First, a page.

When Ray Lawrence, Production Manager at Ocean Farm Technologies, Inc., got a call from a customer in Mexico he knew he needed to act quickly. Ocean Farm Technologies is the developer of the Aquapod™, a fish farming containment system. The company installs Aquapods™ around the world. The Aquapod™ is constructed of individual triangle net panels fastened together in a spheroid shape. Each pod has 200 individual panels or more. Ocean Farm Technologies can modify the netting to be appropriate for many different sizes of fish, including even shrimp.
The individual panels installed in the structure can be modified to accommodate functions such as access, feeding, fish transfer, grading, and harvesting.
The Aquapod™ was designed to serve as a secure containment system for fish in the open sea. It is designed to resist strong sea weather while fully or partially submerged. The company has customers around the world in both the private and the governmental sectors.
Lawrence knew he needed to act quickly when he got the call from Mexico because transferring fish into an Aquapod™ is a time-sensitive task. The fish in question, the Totoaba, is raised in hatcheries on-shore and then transferred to an off-shore Aquapod™ when they are large enough. This transfer is time-sensitive. The endangerment of the Totoaba due to over-fishing caused the Mexican government to ban commercial fishing of the fish in 1975. Since then, the Totoaba has become popular in the fish farming industry.
Ocean Farm Technologies originally designed the Aquapod™ using galvanized steel. As we’ve described previously in the blog, all metals rust when exposed to water. Steel also has difficulty resisting the saltwater and UV rays present in the Aquapod’s™ marine environments. After some experimentation with high performance plastics such as Delrin® and nylon, the company switched to thermoplastic polyurethane (TPU) parts and hasn’t looked back. TPU is one of the strongest high performance plastics with a tensile strength of 29,977 PSI or 186 MPa. It is resistant to a variety of chemicals and environmental hazards including the salt water and UV rays present in marine environments. TPU also has very low water absorption, making it able to withstand being submerged in water for long periods. In the original model of the Aquapod™, the steel fixtures would corrode over time. The corrosion made it difficult to remove any of the pod’s panels for repair. Technicians would have to cut into the corroded steel, a difficult task when working under water. TPU fasteners are easily removed with wrenches even after many years spent underwater, making repairs much easier and more cost effective.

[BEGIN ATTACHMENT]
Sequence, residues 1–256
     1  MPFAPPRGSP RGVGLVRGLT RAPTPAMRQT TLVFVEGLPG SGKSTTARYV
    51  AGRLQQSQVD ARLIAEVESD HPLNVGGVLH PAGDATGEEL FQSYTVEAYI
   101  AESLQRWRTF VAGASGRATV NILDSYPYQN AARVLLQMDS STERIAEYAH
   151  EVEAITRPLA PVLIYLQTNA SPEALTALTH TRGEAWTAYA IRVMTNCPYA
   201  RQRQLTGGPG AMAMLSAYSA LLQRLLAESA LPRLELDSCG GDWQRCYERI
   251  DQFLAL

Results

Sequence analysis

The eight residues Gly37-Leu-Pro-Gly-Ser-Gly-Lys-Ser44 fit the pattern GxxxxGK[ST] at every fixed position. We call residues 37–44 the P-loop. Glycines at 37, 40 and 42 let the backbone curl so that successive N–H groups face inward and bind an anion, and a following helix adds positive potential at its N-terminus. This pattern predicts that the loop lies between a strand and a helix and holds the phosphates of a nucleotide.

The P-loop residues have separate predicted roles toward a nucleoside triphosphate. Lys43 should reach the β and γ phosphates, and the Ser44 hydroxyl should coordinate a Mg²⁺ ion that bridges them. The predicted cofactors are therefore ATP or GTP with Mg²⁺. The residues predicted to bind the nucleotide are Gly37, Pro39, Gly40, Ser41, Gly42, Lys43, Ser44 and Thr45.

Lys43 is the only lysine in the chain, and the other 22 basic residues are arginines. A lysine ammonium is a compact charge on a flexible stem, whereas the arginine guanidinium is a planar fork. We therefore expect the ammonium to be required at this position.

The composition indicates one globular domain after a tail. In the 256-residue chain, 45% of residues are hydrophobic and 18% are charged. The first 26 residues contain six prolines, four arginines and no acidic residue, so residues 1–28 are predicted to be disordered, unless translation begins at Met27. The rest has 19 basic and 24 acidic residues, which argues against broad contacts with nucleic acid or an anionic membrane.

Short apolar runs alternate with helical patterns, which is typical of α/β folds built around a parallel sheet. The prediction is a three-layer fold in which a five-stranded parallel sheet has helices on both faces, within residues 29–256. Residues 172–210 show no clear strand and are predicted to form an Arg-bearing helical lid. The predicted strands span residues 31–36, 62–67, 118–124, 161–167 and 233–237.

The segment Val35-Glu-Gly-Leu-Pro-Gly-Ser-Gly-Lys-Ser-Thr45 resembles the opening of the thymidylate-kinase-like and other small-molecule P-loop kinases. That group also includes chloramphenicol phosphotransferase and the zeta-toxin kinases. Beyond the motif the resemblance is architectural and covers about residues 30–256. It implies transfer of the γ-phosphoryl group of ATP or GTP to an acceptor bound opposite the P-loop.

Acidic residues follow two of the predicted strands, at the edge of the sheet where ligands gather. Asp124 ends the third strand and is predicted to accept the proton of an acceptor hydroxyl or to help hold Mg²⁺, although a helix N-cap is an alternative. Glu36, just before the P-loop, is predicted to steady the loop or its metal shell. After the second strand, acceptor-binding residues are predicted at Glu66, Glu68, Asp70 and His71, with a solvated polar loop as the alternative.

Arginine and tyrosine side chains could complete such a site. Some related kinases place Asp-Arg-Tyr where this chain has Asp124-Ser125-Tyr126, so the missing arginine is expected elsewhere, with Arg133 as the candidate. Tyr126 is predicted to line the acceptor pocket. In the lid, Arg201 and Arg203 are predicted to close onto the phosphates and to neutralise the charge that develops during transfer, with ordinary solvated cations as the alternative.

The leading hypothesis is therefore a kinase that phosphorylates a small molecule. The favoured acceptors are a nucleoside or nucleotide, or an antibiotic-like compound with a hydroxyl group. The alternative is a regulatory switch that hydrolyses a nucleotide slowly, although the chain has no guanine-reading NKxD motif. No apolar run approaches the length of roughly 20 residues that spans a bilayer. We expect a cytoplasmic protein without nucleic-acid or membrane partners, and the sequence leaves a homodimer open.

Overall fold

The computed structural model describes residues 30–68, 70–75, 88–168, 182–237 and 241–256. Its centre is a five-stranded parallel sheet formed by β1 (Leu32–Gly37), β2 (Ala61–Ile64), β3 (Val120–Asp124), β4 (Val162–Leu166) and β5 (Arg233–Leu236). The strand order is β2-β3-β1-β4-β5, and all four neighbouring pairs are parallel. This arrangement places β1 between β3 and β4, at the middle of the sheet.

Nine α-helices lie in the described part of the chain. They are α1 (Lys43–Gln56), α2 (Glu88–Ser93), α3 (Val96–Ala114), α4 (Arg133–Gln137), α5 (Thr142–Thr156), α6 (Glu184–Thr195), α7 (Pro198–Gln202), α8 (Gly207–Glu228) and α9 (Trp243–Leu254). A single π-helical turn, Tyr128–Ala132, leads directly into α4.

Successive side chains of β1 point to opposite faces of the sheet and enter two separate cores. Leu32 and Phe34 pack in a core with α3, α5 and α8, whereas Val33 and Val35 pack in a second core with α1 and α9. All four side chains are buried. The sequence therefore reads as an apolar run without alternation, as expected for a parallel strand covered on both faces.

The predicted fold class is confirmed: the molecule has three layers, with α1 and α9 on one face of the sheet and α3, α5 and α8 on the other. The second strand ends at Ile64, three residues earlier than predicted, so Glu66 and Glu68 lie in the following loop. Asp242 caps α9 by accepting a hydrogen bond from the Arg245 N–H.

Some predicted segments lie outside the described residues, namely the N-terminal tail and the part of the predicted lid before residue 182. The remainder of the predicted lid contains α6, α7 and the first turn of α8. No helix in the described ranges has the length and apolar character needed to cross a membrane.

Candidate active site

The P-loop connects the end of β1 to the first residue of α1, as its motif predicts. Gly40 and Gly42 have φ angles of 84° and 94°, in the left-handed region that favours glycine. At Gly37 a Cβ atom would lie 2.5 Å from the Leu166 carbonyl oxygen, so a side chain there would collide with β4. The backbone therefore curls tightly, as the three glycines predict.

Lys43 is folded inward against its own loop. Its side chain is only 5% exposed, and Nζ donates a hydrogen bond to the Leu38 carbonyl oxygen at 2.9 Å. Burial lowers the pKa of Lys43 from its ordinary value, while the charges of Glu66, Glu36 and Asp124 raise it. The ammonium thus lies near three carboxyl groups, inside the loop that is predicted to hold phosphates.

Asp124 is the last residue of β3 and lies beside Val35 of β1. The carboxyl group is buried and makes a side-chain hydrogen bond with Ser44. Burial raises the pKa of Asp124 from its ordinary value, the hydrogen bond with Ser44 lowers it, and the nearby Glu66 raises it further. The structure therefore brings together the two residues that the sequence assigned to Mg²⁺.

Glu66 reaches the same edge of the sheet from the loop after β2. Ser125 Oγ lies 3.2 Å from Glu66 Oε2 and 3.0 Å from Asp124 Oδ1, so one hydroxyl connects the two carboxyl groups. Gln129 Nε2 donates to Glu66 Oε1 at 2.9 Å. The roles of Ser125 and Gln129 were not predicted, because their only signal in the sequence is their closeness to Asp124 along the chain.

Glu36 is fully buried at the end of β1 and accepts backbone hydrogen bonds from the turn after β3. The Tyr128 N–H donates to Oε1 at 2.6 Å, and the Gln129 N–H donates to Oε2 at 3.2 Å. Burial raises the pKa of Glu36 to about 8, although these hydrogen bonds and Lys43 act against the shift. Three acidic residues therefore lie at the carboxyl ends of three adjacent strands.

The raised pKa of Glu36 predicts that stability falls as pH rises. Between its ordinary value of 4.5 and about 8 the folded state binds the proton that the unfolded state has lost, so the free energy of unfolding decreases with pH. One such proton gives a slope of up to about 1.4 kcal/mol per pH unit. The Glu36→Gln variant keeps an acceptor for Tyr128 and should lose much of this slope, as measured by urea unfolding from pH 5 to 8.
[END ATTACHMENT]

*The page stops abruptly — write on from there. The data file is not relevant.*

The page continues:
Craftech currently manufactures vinyl ester rod and a variety of TPU fasteners for use in the Aquapod™. The vinyl ester rod is used in the frame of the pod. Once the frame has been constructed, Ocean Farm Technologies uses Craftech’s TPU hardware to fasten the structure together. Lawrence’s customer in Mexico had an older Aquapod™ model that had steel fixtures. The Ocean Farm Technologies team needed to be able to quickly replace the steel parts with plastic ones before the fish in the hatchery grew too large to be moved. After Lawrence’s urgent call to Craftech, Craftech’s production team was able to ship over 13,000 rods and fasteners within seven business days. This express shipment allowed Ocean Farm Technologies to update the Mexican Aquapod™ in time.
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